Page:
Saturday, November 26, 2011

Medicare ABN guide - How to complete

COMPLETING THE ABN
The revised ABN can be found at:
http://www.cms.gov/BNI/02_ABN.asp
The ABN is composed of five sections and 10 blanks, which must appear in the following order from top to bottom on the notice:
Notifier (A)
*      Provider must place his name, address and telephone number at the top of the notice.
*      If the billing and notifying entities are not the same, the name of more than one entity may be given in the notifier area.

Patient Name (B)
*      Provider must enter first and last name of the beneficiary receiving the notice. The middle initial should also be used if there is one on the beneficiary’s Medicare card.

Identification Number (C)
*      Medicare numbers or Social Security numbers must not appear on the notice.

Body (D)
*      Providers must list the specific items or services believed to be non-covered in the blank of the note as well as in the first block of the table.
*      In the case of partial denials, providers must list in the blank the excess component(s) of the item or service for which denial is expected.

Table (D, E, F)
*      First Block (D).
                o Providers must list the specific items or services believed to be non-covered.
                 
*      Reason Medicare May Not Pay (E).
                o Providers must explain in beneficiary-friendly language why they believe the items or services may not be covered by Medicare. Commonly used reasons for non-coverage are:
*      “Medicare does not pay for this test for your condition.”
*      “Medicare does not pay for this test as often as this (denied as to frequency).”
*      “Medicare does not pay for experimental or research use tests.”
                 
Note: To be a valid ABN, there must be at least one reason applicable to each item or service listed. The same reason for non-coverage may be applied to multiple items.
               
Estimated Cost (F).
                o Provider must complete the Estimated Cost blank to ensure the beneficiary has all available information to make an informed decision about whether to obtain potentially non-covered services.
o Providers must make a good faith effort to insert a reasonable estimate for all the items or services listed. In general, we would expect the estimate be within $100 or 25 percent of the actual costs, whichever is greater. Examples of acceptable estimates would include, but not be limited to the following:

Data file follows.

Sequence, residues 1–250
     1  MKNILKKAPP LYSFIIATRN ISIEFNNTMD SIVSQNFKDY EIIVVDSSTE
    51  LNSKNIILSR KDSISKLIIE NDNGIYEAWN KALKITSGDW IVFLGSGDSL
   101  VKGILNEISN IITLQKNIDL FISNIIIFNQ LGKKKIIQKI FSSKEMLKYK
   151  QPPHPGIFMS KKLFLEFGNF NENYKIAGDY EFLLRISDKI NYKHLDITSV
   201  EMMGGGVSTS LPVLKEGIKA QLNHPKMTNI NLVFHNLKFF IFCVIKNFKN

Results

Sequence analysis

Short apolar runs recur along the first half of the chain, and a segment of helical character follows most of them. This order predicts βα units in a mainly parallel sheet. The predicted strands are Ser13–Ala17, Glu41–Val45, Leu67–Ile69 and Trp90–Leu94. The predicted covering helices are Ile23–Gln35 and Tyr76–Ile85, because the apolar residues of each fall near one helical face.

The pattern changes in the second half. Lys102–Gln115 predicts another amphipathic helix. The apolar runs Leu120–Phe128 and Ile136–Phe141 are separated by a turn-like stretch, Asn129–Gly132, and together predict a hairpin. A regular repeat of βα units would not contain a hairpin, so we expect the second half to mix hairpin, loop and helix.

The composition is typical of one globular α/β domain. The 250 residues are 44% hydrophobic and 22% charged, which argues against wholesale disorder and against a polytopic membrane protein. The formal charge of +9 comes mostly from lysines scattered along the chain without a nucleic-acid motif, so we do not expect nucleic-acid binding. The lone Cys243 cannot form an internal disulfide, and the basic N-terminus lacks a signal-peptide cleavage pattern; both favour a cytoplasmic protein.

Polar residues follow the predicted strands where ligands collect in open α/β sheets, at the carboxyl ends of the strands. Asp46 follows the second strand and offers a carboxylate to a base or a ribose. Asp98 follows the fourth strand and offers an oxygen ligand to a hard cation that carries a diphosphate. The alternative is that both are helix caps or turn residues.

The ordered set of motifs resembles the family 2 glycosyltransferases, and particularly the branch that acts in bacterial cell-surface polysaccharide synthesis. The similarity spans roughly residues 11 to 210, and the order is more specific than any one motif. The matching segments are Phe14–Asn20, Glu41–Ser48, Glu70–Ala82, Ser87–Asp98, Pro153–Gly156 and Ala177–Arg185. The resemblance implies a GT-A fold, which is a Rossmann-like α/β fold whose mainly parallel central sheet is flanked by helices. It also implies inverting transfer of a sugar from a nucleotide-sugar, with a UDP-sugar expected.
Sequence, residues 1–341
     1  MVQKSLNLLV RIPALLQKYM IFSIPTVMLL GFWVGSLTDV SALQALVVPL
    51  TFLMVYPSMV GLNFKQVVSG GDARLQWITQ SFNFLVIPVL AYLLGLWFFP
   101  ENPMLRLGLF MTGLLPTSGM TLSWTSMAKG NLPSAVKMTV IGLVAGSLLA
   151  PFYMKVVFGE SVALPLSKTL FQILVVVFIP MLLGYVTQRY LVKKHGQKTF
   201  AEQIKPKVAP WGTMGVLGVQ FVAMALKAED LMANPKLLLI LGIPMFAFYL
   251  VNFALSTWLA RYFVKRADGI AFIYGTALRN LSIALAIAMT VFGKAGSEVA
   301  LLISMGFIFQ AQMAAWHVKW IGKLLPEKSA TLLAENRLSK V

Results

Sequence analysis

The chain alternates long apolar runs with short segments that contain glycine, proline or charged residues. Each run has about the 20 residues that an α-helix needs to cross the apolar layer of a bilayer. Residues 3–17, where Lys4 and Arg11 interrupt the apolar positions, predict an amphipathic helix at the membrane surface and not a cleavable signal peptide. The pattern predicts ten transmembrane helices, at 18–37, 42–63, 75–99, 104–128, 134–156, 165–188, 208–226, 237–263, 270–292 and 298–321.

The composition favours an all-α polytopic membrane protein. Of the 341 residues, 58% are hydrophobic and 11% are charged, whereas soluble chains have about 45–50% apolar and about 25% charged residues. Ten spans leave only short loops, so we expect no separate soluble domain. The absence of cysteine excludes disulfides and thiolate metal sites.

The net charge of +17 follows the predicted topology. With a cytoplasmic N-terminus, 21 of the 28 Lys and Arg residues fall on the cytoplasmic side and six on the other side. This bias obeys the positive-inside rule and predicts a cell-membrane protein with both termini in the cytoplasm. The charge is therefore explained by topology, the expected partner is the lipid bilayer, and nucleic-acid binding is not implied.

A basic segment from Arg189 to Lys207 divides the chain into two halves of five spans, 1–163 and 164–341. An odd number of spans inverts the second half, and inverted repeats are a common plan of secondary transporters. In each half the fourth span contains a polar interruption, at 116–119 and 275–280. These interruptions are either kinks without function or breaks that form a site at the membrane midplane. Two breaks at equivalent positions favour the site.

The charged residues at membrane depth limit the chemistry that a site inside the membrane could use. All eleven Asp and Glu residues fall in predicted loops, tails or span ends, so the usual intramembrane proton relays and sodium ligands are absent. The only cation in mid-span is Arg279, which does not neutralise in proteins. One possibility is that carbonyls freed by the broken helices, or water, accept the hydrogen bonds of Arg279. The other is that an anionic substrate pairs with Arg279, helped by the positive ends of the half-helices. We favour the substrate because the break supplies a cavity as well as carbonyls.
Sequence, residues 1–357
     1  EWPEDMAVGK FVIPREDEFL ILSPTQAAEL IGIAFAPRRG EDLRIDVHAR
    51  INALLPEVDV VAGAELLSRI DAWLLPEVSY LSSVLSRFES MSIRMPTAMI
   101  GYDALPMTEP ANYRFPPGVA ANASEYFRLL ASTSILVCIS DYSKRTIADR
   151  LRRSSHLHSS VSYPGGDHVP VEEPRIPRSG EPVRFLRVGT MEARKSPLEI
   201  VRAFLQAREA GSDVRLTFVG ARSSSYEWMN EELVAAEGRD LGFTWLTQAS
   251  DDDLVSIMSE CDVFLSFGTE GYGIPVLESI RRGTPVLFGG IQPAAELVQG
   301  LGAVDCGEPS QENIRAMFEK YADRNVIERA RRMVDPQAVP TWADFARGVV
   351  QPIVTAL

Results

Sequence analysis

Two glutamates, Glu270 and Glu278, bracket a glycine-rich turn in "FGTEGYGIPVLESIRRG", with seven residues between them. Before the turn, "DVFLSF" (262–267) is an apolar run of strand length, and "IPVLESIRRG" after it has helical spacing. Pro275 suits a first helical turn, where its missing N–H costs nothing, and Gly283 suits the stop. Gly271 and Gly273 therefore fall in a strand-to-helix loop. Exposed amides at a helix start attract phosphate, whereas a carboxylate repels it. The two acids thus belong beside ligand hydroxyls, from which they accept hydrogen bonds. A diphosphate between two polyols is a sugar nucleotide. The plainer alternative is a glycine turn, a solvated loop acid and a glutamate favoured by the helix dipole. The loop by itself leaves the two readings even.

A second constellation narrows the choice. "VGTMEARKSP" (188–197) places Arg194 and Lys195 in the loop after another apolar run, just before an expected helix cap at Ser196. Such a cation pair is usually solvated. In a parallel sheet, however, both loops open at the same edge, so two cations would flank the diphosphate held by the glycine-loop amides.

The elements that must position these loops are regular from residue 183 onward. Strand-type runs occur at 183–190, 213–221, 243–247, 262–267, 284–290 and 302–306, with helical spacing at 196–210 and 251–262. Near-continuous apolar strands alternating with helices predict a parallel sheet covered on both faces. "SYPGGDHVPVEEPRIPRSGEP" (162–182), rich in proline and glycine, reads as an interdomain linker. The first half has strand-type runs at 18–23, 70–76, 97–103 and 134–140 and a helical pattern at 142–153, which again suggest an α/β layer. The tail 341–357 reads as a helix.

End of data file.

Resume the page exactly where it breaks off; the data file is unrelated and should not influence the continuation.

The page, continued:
*      For a service that costs $250:
                o “Between $150–$300.”
     o  “No more than $500.”
               
Multiple items or services that are routinely grouped can be bundled into a single-cost estimate.

Options 1, 2 or 3
The beneficiary or his representative must choose only one of the three options listed.
Option 1:
                o This allows the beneficiary to receive the item or services at issue and requires the provider to submit a claim to Medicare. This will result in a payment decision that can be appealed.

Option 2:
                o This option allows the beneficiary to receive the non-covered items or services and pay for them out-of-pocket. No claim will be filed and Medicare will not be billed. Therefore, there are no appeal rights associated with this option.
o Providers will not violate mandatory claims submission rules under 1848 of the Social Security Act when a claim is not submitted to Medicare at the beneficiary’s written request when selecting this option.
                 
Option 3:
                o This option means the beneficiary does not want the care in question. By checking this box, the beneficiary understands that no additional care will be provided and, thus, there are no appeal rights.

Additional Information (H)
Providers may use this space to provide additional clarification they believe will be of use to beneficiaries. For example:
                 
*      A statement advising the beneficiary to notify his provider about certain tests that were ordered but not received.
*      An additional dated witness signature.
*      Other necessary annotations:
                o Annotations will be assumed to have been made on the same date as that appearing with the beneficiary’s signature.

Signature Box (I, J)
Once the beneficiary reviews and understands the information contained in the ABN, the Signature Box is to be completed by the beneficiary or representative.
                 
Signature:
                o The beneficiary or representative must sign the notice to indicate that he received the notice and understands its contents. If a representative signs, he should indicate “representative” after his signature.
                 
Date:
                o The beneficiary or representative must write the date he signed the ABN. If the beneficiary has physical difficultly writing and requests assistance in completing this blank, the date may be inserted by the provider. 

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Medicare physician fee schedule - Quick overview

Medicare Part B pays for physician services based on the PFS, which lists the more than 7,400 unique
covered services and their payment rates. Physicians’ services include the following:

* Office visits;
* Surgical procedures;
* Anesthesia services; and
* A range of other diagnostic and therapeutic services.


Medicare Physician Fee Schedule Payment Rates

Payment rates for an individual service are based on
three components:
1) Relative Value Units (RVU)
2) Conversion Factor (CF)
3) Geographic Practice Cost Indices (GPCI)


Medicare Physician Fee Schedule Payment Rates Formula


The Medicare PFS payment rates formula is shown below:

[(Work RVU x Work GPCI) + (PE RVU x PE GPCI) +
(MP RVU x MP GPCI)] x CF

Medicare fee schedule download